Greek: ἰσότυπος, isotypos, shaped alike; συνυπόπτωσις, synypoptosis, simultaneous presentation to the senses; ποπτερνίς, upopternis, knob (a kind of a button that can twirl, in the modern use); πo, upo, below, looking a picture up and down (as Brazil on a map); Latin: cauponarius, a male shopkeeper, tradesman.

First Series, Life, XII, I asked no other thing

I asked no other thing,
No other was denied.
I offered Being for it;
The mighty merchant smiled.

Brazil? He twirled a button,
Without a glance my way:
“But, madam, is there nothing else
That we can show to-day?”

The definite and indefinite article

Where some readers would seek Emily Dickinson's delectation with death, or imply hauteur over Christianity and resurrection, others might focus on the definite and indefinite grammatical articles.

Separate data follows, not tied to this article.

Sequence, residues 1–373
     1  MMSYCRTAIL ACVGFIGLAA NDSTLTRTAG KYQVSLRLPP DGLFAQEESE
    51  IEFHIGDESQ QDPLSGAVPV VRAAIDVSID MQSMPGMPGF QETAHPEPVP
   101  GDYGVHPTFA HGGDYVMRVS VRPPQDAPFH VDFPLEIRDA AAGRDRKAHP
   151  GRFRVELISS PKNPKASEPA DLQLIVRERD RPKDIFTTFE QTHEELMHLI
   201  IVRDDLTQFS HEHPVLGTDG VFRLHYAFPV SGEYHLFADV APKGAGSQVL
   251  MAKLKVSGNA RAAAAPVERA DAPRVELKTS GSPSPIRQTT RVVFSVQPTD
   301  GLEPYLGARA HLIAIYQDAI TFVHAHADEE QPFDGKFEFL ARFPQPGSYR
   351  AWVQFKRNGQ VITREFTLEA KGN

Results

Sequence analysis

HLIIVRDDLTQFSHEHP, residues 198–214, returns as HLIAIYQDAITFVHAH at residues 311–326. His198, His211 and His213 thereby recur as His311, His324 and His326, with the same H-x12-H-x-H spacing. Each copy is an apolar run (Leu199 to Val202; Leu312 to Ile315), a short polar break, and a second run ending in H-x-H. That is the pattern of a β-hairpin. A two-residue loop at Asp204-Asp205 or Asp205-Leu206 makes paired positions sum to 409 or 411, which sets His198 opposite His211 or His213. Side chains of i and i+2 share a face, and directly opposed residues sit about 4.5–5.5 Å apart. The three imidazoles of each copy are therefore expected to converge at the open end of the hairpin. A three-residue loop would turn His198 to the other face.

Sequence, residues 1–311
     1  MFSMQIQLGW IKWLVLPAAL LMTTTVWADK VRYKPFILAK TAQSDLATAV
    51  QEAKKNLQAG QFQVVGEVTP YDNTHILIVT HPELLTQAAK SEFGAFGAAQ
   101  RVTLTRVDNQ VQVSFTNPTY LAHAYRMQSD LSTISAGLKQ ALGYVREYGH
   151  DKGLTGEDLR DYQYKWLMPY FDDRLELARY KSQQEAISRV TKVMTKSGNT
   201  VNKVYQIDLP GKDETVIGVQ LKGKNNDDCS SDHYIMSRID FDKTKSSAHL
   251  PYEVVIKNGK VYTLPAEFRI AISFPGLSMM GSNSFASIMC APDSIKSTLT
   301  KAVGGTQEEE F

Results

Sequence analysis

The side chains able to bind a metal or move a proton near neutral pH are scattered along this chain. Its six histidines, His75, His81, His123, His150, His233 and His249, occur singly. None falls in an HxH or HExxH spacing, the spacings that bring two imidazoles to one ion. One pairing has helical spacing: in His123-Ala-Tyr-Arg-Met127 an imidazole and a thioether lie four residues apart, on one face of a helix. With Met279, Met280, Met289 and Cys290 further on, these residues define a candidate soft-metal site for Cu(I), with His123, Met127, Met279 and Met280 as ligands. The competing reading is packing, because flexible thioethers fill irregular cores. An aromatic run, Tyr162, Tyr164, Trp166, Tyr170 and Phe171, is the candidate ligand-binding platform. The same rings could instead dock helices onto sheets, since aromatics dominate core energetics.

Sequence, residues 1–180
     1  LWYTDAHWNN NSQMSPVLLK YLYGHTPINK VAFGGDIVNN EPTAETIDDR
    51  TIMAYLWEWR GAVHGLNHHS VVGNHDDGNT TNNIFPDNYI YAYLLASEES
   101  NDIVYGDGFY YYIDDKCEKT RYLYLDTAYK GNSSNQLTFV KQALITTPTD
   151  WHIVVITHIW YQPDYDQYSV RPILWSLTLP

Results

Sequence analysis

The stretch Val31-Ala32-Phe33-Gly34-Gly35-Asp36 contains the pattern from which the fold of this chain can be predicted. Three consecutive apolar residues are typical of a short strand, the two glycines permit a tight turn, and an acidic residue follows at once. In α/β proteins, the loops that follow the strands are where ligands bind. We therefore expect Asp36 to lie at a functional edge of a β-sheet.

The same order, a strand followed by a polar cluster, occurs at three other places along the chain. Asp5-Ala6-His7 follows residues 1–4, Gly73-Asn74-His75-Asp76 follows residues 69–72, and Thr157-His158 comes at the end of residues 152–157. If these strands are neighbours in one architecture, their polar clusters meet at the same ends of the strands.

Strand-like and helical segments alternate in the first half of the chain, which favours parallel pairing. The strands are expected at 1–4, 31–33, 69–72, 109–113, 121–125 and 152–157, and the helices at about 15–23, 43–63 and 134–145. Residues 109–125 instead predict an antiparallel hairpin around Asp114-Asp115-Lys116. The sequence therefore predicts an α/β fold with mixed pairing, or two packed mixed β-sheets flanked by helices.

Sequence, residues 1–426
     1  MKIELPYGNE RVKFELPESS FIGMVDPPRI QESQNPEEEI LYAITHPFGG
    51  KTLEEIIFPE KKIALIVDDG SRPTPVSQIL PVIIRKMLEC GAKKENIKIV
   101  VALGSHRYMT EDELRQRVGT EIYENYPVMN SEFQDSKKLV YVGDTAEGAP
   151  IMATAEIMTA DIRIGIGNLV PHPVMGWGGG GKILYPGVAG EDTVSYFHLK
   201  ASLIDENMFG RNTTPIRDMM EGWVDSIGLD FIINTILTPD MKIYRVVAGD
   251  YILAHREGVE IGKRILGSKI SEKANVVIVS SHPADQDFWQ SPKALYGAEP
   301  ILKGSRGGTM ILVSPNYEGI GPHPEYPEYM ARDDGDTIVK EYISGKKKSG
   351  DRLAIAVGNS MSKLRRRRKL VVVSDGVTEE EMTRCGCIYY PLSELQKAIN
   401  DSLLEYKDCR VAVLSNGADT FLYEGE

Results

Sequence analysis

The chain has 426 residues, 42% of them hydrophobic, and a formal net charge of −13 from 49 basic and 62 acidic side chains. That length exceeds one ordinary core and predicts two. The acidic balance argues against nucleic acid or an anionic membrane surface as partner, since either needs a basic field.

First Series, Time and Eternity, XXVI, Lost

I lost a world the other day.
Has anybody found?
You'll know it by the row of stars
Around its forehead bound.

A rich man might not notice it;
Yet to my frugal eye
Of more esteem than ducats.
Oh, find it, sir, for me!

The phrase I lost a world does not proclaim the end of the world.

And thus we might argue, a look of agony (First Series, Time and Eternity, Real) rejects fondness: we would have the look of agony, then.

The phrase the members of the resurrection (First Series, Time and Eternity, Safe in their alabaster chambers) localizes an event, and all the people supposed to be resurrected, according to the Christian creed, could not be stated to have been already born, today as well as in Emily Dickinson's times.

Ex libris